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New Zealand's First Refugees: Pahiatua's Polish Children

Jack of all trades

page 138

Jack of all trades

My classmates and I had to leave the Polish Children's Camp in Pahiatua in 1947. Those who were considered too old to continue with their schooling were found employment. Myself and six other boys from my class at the camp were enrolled at the Marist Brothers' High School in Greymouth.

We were given board with New Zealand Catholic families and placed in the same Form 3 class. We were and looked older than the New Zealand boys. I was 17 years old. Some of my friends settled reasonably well – one of them was brilliant at maths, which gave him confidence in himself, and Tadeusz Rozbicki and another Polish boy played rugby well, which gave them immediate acceptance.

We didn't get any extra tuition to help us to master the English language and the oral instructions made no sense to me most of the time. As a result, we weren't learning anything. We felt frustrated and unsettled. The camp was still in existence then, so I wrote on behalf of all of us to the camp's Polish Delegate Mr Zaleski advising him of our plight. At the end of the school year, I was sent a ticket for the interisland ferry to Wellington. I was going to become a joiner.

In Wellington, I was assigned accommodation at the Polish Boys' Hostel in Island Bay. Olga Łaszkiewicz, the Polish welfare officer for the Wellington region, introduced me to all the local joinery manufacturing firms. But none of them would take me on because I was already over 16, which meant they would have to pay me 3p an hour more than the other apprentices. I wasn't worried because plenty of other work was available.

One of the boys at the hostel told me about International Paints in Miramar, so I applied and was accepted. It was my very first job. Very soon I realised that the smell of paint was making me very sleepy. A bloke who was working on another tank fell asleep one day and awoke surrounded by a sea of red paint. He panicked, tried to jump over the puddle and fell into it. The boys at the hostel and I decided that there must be better jobs.

Kazimierz Walczak told me about his job at the post office, so I worked there delivering telegrams. A car went with the job and that was a great attraction. However, first I needed a driver's licence. The post office arranged for a test at the licence issuing office, which I passed no problem.

I thought nothing of changing jobs often. Sometimes the reason was that a page 139friend of mine was working at that place and sometimes because the pay was better. In the process I acquired many skills. I must have made a career out of changing jobs. I tried my hand at being a storeman at General Motors, a clicker at the Hannah's Shoe Factory and a labourer on the wharf. The years I spent in the USSR, the orphanages in Iran and the Pahiatua camp made me very resourceful and hardworking, for which I got much praise.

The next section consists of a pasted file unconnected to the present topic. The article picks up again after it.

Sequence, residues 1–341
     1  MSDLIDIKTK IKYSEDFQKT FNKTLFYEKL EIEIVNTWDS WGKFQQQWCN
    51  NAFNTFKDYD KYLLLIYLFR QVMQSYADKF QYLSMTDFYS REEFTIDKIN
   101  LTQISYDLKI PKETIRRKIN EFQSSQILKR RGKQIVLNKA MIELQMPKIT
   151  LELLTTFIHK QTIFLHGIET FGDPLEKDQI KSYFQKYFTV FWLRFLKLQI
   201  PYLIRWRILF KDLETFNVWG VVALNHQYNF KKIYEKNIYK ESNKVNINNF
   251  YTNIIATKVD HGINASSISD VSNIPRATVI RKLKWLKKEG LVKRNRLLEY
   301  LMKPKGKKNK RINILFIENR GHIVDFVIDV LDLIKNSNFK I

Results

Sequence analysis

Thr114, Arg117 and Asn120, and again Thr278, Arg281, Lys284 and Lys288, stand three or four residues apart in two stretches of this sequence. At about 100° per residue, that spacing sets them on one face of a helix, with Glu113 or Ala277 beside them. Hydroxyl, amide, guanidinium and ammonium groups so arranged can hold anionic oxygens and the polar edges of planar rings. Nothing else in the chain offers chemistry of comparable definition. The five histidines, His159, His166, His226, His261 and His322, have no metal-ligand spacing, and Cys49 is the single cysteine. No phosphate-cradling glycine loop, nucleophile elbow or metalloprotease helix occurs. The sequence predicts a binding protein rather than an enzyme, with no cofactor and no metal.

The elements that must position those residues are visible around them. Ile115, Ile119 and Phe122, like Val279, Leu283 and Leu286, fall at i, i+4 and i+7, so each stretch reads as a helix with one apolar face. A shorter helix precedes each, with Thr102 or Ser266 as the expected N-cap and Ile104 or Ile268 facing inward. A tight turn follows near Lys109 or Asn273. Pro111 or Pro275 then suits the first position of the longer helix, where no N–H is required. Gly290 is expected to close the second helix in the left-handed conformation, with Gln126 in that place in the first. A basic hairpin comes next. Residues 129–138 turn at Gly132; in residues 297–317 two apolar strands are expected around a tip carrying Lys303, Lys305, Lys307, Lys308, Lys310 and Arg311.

But the only problem with changing jobs so often was that each time I had to report to the police to have a new entry made in my Certificate of Registration (which was required under the Aliens Act 1948).

However, there was one job I left not because there was something better to go to. That was working on a patent slip (an inclined plane on which ships are built, repaired or cleaned) in Evans Bay, Wellington. Marian Tarasiewicz and I applied for labouring jobs. The boat was pulled onto the slip, and Marian and I had to go into the bilge (the parts of the vessel between the lowermost floorboards and the bottom) and clean out the sludge. No equipment or protective clothing, but terrible stink. We left.

A group of us Polish boys applied for jobs with the New Zealand Forest Service in Golden Downs, Nelson. We coped, and I quite enjoyed working in the tree nursery, pruning and collecting seeds. Then the pull of the Polish community in Wellington must have been too great, so I returned to Wellington and got myself a job driving trucks with New Zealand Railways.

I often talked to Mrs Rudnicka, my former teacher at the camp. Her two sons had settled in Taupo and she was always full of praise for the place – its beauty and the easy availability of land. So I bought a bit of land there and planned to build my own home. At Taupo Concrete Products, I learnt to make foundation piles, chimneys, power and fence posts, and was involved in every part of manufacturing. With all of this experience I accumulated over the years, I was able to build my first home before I got married.

Seven Polish boys in Marist Brothers' High School (with teachers in the back row), Greymouth, 1947.Middle: (l-r) Edward Kukiełko, Artur Gawlik, Tadeusz Zioło Front: (l-r) Jan Turkawka, Kazimierz Depczyński, Tadeusz Rozbicki, Jan Sajewicz

Seven Polish boys in Marist Brothers' High School (with teachers in the back row), Greymouth, 1947.
Middle: (l-r) Edward Kukiełko, Artur Gawlik, Tadeusz Zioło Front: (l-r) Jan Turkawka, Kazimierz Depczyński, Tadeusz Rozbicki, Jan Sajewicz